First six months for freshman students
Physics aims to understand the natural world and universe around us, and how it works. In these introductory courses we will cover the foundational principals that are invaluable to any physicist. These first two courses, mandatory for all ISP students, act as the stepping stones to understanding a wide range of physical phenomena and are vital prerequisites for further advanced topics such as quantum mechanics, nuclear, and particle physics.
Physics I focuses on classical mechanics, waves, and thermodynamics, which address how solid bodies and fluids behave. While this course specially addresses the “classical” side of physics, it is the groundwork upon which more modern physics is based (quantum mechanics is nothing without an understanding of waves, and relativity can only really be understood after a grasp of classical mechanics). In thermodynamics, students will come to grips with the fundamental physical definition of temperature and its relationship to other thermal properties of systems, work and internal energy, the first and second law of thermodynamics and the fundamental concept of entropy.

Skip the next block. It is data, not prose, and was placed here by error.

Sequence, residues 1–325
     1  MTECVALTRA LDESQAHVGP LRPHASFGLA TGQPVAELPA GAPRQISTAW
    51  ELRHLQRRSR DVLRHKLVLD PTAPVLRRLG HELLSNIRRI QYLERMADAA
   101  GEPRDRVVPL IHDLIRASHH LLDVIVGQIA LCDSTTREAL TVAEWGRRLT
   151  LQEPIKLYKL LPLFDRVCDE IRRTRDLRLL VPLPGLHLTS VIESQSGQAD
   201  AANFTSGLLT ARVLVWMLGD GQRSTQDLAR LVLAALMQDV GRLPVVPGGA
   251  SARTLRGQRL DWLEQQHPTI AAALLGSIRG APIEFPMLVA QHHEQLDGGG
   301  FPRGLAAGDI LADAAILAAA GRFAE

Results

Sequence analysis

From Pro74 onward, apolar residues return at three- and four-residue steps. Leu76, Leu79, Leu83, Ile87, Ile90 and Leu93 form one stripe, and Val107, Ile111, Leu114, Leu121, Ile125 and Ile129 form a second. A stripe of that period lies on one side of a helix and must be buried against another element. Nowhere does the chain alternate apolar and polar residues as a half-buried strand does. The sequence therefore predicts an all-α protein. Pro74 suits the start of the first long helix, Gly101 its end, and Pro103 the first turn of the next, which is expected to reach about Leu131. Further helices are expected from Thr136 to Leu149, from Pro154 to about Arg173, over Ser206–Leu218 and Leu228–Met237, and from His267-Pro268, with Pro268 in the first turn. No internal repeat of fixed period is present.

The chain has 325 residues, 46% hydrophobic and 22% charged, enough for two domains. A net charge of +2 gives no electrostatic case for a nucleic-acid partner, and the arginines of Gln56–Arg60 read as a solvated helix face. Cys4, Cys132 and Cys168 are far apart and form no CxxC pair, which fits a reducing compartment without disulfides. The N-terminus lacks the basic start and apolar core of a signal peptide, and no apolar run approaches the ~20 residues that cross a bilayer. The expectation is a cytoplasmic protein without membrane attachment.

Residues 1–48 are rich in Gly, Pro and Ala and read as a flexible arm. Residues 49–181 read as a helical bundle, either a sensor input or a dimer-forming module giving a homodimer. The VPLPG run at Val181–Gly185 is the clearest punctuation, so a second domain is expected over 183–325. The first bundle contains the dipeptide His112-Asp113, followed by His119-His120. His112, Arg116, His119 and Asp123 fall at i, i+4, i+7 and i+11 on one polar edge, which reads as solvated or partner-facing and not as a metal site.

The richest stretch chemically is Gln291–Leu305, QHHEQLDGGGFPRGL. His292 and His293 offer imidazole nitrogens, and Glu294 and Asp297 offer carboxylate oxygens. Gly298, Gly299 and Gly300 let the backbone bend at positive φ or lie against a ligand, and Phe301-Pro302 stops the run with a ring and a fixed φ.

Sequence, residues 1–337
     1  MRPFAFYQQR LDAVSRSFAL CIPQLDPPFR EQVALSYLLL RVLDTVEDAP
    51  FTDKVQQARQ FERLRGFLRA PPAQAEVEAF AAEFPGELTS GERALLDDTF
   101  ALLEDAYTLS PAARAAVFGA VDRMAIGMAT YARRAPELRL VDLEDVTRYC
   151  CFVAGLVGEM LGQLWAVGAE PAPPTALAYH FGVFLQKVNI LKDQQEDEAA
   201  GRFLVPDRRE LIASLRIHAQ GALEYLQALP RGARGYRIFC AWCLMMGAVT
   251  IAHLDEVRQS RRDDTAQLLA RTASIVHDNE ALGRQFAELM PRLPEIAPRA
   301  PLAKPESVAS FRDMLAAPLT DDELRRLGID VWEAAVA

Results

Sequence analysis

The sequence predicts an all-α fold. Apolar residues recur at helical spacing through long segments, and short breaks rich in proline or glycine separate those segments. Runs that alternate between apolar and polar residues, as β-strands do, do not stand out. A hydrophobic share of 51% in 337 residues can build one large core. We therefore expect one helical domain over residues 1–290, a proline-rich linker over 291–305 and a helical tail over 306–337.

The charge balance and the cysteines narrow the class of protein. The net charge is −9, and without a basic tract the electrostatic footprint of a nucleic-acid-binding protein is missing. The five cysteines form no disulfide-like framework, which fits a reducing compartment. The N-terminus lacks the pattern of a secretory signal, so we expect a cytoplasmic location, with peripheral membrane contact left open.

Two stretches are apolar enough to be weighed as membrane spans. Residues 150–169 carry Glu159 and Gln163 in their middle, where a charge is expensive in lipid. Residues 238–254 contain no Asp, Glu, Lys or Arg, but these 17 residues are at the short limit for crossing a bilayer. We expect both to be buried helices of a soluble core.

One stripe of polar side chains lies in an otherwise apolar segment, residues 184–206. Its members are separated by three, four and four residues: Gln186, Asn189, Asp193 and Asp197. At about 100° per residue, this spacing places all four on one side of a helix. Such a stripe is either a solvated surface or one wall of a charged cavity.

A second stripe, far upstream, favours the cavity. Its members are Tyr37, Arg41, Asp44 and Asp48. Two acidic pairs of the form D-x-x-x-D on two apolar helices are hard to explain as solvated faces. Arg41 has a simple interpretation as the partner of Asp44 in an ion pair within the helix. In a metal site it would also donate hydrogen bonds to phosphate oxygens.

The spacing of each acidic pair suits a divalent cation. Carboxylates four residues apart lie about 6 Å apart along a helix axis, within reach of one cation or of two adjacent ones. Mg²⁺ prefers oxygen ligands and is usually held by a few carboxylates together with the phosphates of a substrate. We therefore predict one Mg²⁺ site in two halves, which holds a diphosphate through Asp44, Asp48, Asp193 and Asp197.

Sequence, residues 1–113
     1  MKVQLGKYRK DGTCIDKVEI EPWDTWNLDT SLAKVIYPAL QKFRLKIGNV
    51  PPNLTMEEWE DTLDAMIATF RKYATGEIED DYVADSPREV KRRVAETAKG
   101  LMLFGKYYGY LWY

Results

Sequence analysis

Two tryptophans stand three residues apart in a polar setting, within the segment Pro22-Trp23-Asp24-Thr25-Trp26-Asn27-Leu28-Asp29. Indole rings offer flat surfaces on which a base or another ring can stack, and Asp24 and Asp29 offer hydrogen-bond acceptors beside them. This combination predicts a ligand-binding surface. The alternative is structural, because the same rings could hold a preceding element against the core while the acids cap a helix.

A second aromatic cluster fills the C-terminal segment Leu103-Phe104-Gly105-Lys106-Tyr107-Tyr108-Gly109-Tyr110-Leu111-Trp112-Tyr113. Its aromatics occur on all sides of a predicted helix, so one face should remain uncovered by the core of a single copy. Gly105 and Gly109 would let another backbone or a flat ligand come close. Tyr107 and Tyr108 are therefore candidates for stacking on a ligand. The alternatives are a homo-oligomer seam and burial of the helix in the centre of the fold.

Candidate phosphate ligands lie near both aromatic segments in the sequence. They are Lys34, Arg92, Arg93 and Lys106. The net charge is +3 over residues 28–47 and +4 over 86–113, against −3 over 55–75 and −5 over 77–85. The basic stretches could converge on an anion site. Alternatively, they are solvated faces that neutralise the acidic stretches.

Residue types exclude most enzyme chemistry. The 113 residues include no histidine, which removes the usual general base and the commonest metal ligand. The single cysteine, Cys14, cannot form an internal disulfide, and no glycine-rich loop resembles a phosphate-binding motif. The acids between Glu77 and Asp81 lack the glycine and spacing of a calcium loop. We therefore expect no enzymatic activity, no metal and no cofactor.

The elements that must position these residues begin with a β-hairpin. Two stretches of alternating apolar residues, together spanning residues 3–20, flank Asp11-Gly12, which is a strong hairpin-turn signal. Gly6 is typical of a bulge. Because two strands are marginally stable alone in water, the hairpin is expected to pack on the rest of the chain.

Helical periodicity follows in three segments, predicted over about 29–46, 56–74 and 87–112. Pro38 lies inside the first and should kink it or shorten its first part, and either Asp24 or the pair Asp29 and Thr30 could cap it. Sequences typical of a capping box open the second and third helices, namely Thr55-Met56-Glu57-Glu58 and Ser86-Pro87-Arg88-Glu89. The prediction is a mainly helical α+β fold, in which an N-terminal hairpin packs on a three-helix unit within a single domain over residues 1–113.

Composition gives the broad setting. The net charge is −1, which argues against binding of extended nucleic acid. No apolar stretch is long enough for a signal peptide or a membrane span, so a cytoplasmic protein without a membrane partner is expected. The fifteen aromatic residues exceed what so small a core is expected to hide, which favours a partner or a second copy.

Physics II then turns to more abstract topics of electromagnetism and modern physics. Electromagnetism begins with a discussion of electric and magnetic fields, electric currents, and on to the first exposure to the famous Maxwell’s equations. After learning that light is fundamentally an electromagnetic phenomenon, students will be exposed to lectures on optics. The last part of the course is an introduction to several important topics from modern physics, including relativity, quantum mechanics, and the behavior of atoms and atomic nuclei. The aim of these lectures is to offer a glimpse of the behavior of matter when speeds are close to the speed of light and when spatial scales are smaller than the size of an atom.